City of Chicago Law Office
Stephen Patton: Corporation counsel for the City of Chicago.
Thomas Platt: Deputy corporation counsel for the City of Chicago.

Chicago Police Department
Anthony Guglielmi: Director of communications.
Garry McCarthy: Former police superintendent, fired by Emanuel on December 1. Replaced by John Escalante, a thirty-year veteran of the CPD.

IPRA
Scott Ando: Former head of the Chicago Independent Police Review Authority (IPRA) who resigned on December 6. Replaced by Sharon Fairley, a former federal prosecutor.

Organizations
IPRA: Independent Police Review Authority, an agency founded in 2007 to investigate cases of alleged misconduct by CPD officers. Multiple organizations, including the Better Government Association, have criticized them for the prolonged length of their investigations and method for determining fault: of the four hundred police shootings IPRA has ever investigated, only one was found to be unjustified.
BGA: Better Government Association, an activist organization centered on Illinois government accountability and general government transparency.
Invisible Institute: Activism and journalism organization based on the South Side. Focused on promoting visibility for the South Side and addressing perceived human rights violations through journalism, law, and public art projects. (The Weekly has collaborated with the Invisible Institute in a number of capacities.)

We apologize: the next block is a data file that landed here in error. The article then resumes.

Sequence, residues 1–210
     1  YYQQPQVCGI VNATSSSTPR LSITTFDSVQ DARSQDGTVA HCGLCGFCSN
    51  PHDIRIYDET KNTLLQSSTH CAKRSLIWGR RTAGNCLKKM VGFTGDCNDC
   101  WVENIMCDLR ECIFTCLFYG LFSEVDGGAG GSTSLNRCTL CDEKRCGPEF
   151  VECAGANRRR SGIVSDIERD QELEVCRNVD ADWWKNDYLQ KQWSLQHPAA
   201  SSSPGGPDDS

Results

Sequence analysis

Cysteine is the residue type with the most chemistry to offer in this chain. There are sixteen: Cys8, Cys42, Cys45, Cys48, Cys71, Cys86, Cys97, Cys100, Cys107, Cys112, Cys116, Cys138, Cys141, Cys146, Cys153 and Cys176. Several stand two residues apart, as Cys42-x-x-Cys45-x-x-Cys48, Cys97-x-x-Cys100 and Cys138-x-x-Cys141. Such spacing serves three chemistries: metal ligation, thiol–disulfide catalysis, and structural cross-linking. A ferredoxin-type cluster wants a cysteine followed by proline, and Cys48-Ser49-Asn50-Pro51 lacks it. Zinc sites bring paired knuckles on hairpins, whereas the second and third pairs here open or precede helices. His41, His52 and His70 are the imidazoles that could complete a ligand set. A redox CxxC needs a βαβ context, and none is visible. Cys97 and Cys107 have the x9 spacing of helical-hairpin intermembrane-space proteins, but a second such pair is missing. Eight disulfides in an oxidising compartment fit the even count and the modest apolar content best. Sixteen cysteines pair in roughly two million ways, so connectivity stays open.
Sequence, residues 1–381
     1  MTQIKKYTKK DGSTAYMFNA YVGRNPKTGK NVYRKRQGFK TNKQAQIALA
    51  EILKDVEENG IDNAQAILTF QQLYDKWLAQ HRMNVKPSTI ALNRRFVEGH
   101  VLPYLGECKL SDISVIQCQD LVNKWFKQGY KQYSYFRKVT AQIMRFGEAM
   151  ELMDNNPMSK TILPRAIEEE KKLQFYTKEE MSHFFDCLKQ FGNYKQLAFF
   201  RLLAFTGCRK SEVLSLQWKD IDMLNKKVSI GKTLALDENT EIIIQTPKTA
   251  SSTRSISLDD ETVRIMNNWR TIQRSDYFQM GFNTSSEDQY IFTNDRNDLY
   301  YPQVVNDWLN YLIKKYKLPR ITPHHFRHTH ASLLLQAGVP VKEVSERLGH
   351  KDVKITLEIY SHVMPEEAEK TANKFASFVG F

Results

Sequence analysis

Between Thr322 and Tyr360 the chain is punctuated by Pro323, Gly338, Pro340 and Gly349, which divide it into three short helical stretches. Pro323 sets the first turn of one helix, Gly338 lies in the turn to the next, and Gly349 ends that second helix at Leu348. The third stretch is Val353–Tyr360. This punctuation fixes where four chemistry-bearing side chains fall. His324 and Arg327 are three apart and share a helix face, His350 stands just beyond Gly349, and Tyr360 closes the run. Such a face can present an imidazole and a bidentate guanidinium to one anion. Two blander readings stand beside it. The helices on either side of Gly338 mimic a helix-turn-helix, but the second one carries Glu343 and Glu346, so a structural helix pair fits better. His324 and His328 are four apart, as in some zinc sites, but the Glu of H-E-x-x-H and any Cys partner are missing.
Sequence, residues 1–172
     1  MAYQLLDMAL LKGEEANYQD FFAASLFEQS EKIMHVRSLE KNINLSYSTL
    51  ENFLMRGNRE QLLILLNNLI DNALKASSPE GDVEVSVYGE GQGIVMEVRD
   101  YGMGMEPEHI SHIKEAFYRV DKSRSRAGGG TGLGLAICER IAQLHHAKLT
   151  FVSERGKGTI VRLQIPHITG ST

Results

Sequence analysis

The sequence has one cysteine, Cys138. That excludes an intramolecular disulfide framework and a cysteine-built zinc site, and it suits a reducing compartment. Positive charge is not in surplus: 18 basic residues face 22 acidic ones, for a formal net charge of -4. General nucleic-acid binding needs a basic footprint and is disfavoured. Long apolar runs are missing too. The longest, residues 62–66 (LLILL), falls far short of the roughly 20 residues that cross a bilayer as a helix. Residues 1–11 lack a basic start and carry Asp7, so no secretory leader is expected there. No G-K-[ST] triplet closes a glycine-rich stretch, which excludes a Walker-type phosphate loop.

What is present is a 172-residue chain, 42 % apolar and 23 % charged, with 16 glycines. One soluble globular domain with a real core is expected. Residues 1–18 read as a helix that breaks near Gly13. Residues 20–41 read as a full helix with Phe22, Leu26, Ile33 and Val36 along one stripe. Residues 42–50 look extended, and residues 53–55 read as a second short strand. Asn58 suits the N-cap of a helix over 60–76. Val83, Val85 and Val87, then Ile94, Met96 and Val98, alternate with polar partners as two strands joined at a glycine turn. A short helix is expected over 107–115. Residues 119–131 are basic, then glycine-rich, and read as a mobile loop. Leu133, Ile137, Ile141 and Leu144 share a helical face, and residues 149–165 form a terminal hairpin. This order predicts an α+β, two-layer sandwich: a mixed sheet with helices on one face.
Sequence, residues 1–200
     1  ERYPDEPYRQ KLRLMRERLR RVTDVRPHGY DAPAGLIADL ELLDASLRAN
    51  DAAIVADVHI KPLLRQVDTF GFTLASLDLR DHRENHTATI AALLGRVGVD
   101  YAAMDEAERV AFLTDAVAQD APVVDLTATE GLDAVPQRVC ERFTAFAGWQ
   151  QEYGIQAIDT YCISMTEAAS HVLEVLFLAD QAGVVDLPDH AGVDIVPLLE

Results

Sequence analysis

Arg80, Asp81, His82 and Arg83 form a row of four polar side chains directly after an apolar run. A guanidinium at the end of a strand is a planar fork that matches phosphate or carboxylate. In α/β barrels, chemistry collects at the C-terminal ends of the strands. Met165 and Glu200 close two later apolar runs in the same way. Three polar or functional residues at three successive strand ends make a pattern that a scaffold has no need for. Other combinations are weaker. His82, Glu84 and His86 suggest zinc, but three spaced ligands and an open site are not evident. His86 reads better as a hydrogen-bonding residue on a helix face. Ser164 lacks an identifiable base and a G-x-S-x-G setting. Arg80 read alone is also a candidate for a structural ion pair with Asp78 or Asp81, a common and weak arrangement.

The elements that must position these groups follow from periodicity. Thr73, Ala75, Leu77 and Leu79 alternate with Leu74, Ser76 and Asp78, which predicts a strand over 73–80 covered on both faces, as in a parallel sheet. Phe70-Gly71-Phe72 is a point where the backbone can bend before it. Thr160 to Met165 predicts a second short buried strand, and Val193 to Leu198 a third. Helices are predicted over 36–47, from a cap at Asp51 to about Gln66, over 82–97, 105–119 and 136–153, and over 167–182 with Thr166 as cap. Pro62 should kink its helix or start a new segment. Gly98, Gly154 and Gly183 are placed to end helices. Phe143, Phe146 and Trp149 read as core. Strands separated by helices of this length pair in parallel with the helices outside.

Task Force on Police Accountability: Announced December 1 from the Mayor’s office, this task force is meant to review the current amount of training and accountability at the CPD. At the helm are four former lawyers with experience in the state of Illinois and a former state police director.

Redactions: The City of Chicago Freedom of Information Act FAQ says “in some instances, private information may be redacted from government records, allowing the records to be released under FOIA.”

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Five days before the Laquan McDonald video release, discussion in the Emanuel office focused on likability and putting a positive spin on public perception of the mayor’s office, testing out different ideas like the one explored in the below emails.
Also, notice the time stamps: these emails are presented in reverse chronological order. Read this thread from the bottom up.

email page 189-page-001Representatives and advisors for Emanuel often workshopped responses in-email among themselves. It is unclear whether many proposals and ideas ever reached Emanuel himself.

 

One of the Emanuel administration’s primary concerns, when discussing the release of the video, was widespread panic and unrest.

 

 

email page 190-page-001Grady is a preeminent Chicago lawyer, friend of Steve Patton.  He is unaffiliated with the City of Chicago, the Mayor’s Office, and the CPD.

 

The subject of a demonstration involving red mortar board caps was brought up only minimally after this email conversation.